Over the past 20 years, Internet addiction (IA) has become a campus health issue that cannot be ignored in the United Stated and other countries in the world (Anderson, 2001; Cardak, 2013; Carlisle et al, 2016; Kandell, 2009). It is estimated that 71% of 18-24 years old would qualify as being addicted to the Internet, and prevalence rates of IA are as high as 8.2% in the general population (Gaille, 2017; Weinstein & Lejoyeux, 2010). To date, IA on college campuses is a growing concern as more and more studies are revealing (Chai et al., 2012; Ostoyar et al., 2016). Research has indicated that college students with IA are likely to experience depression (Ineme et al., 2017; Ostovar et al., 2016), anxiety (Ostovar et al., 2016), loneliness (Zeliha, 2019), and poor physical health such as vision problem, weight gain or loss (Gregory, 2019). Of college students, international students as a racial and cultural minority group, appear to be more at-risk of IA because their acculturation experiences entail adjustment difficulties and stress related to the excessive Internet use (Chai et al., 2012; Hirai et al, 2015; Ye, 2005). Given the prevalence and complexities of IA, it is imperative to identify the factors implicated in the IA so that counselors could more effectively target intervention to reduce the likelihood of the occurrence of IA. In the current study, we therefore examined the relationships between acculturative stress, gender, age, and length of stay among international college students. The findings from this study are intended to expand the existing literature on IA of international college students and its correlates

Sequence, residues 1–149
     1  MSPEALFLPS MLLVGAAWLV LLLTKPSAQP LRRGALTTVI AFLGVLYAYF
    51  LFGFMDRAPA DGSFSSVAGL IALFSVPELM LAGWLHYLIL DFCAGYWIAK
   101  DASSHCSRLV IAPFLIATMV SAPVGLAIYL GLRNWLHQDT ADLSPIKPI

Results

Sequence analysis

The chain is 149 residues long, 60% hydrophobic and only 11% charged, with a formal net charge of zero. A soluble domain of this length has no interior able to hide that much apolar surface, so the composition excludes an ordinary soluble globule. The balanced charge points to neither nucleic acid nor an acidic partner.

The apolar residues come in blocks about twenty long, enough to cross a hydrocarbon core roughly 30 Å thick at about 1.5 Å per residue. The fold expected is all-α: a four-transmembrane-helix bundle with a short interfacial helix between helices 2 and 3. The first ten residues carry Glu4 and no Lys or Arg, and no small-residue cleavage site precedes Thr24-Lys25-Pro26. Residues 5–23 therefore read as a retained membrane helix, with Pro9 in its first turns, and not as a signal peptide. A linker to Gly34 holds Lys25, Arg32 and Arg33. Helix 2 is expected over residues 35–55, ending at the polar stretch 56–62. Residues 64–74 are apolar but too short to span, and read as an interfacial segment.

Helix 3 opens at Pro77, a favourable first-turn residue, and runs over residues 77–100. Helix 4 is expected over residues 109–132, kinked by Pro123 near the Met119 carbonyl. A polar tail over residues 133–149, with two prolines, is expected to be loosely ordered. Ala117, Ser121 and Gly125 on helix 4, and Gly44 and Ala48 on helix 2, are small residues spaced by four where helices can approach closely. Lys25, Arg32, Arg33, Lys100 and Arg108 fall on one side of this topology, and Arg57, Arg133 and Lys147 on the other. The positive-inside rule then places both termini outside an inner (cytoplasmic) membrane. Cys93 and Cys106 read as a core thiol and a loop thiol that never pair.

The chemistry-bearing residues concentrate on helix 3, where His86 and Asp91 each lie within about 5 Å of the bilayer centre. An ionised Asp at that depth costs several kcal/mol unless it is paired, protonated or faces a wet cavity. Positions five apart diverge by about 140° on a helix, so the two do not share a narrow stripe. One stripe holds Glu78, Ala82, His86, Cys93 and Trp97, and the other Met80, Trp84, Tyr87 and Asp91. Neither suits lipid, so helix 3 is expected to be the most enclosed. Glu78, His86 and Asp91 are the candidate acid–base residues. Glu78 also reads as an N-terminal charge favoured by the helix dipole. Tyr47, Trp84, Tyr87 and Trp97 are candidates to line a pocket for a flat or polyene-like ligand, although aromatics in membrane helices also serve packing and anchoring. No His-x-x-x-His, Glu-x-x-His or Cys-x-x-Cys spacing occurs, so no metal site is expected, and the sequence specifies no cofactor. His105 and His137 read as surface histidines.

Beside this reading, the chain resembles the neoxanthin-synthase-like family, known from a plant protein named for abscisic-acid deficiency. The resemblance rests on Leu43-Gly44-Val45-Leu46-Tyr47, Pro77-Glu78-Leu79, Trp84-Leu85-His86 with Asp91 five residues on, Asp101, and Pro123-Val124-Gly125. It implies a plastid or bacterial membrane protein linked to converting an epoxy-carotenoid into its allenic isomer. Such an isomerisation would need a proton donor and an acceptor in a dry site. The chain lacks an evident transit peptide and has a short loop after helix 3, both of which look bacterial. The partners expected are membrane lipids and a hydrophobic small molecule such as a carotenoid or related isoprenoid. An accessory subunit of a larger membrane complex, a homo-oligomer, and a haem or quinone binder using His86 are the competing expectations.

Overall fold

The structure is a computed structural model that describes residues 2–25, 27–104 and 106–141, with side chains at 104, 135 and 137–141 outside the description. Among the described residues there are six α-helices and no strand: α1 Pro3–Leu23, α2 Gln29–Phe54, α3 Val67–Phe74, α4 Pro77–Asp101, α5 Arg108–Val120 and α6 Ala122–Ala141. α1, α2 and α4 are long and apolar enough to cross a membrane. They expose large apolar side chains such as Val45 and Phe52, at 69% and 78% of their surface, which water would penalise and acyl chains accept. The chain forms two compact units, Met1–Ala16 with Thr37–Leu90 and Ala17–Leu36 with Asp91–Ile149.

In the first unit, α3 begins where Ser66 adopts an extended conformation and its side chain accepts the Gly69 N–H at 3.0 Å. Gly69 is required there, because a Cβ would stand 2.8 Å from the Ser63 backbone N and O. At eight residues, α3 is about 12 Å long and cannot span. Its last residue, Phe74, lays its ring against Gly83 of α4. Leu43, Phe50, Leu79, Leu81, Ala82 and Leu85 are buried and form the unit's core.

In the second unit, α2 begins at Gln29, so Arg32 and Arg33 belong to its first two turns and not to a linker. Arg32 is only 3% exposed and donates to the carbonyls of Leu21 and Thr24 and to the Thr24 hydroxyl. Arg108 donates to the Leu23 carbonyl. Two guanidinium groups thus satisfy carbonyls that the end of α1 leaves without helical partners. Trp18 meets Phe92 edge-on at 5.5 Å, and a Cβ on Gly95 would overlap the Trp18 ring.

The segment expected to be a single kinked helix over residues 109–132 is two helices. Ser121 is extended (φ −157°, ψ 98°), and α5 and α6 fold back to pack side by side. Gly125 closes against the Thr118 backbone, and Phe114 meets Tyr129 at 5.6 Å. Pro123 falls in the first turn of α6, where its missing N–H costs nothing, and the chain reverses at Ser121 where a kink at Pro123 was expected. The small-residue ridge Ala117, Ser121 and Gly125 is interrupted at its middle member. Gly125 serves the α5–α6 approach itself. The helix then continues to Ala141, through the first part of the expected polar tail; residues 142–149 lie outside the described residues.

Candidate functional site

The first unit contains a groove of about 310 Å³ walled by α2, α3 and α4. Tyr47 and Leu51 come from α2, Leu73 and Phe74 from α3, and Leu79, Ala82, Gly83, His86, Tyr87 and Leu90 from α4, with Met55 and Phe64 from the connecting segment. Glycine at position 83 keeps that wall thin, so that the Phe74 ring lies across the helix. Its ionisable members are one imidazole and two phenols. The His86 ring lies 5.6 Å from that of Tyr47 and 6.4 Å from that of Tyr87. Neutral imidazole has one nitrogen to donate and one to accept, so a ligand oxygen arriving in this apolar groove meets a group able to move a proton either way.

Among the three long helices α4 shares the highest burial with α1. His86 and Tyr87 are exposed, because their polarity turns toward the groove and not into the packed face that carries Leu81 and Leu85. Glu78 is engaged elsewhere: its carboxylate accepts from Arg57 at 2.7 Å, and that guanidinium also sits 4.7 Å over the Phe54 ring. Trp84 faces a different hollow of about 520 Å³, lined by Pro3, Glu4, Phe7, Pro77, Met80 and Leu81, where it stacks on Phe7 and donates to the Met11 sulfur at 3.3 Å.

This poster addresses the problem of internet addiction among international college students in a very clear and concise manner. It analyzes the relation between acculturative stress and internet addiction. The aims of the study are clearly stated, however, it would be useful to have more information about acculturative stress and how it was measured for this study. One of the assumptions behind this concept is related to the fact that students who are far from home experience symptoms of stress. Nevertheless, it is not very clear what is ‘cultural sensitivity’ expected form counselors and how it could help to reduce stress and propensity for addictions among international students.
I find internet addiction an interesting topic in general. What makes someone internet addicted versus someone who just uses the internet a lot? Additionally, it would be interesting to look into some of the stories behind these individuals to gain insight into factors that may have compounded their internet addictions. For example, close family members or partners that are long distance, use for work, etc. It would be interesting to know those individual stories to better understand the why. Great work!